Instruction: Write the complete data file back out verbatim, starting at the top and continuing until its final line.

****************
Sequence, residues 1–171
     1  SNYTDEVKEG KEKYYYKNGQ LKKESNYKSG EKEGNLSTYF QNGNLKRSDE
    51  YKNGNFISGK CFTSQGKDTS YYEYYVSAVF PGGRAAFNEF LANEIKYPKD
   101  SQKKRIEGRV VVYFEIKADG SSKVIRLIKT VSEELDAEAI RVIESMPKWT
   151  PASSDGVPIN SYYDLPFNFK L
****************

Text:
Sequence, residues 1–171
     1  SNYTDEVKEG KEKYYYKNGQ LKKESNYKSG EKEGNLSTYF QNGNLKRSDE
    51  YKNGNFISGK CFTSQGKDTS YYEYYVSAVF PGGRAAFNEF LANEIKYPKD
   101  SQKKRIEGRV VVYFEIKADG SSKVIRLIKT VSEELDAEAI RVIESMPKWT
   151  PASSDGVPIN SYYDLPFNFK L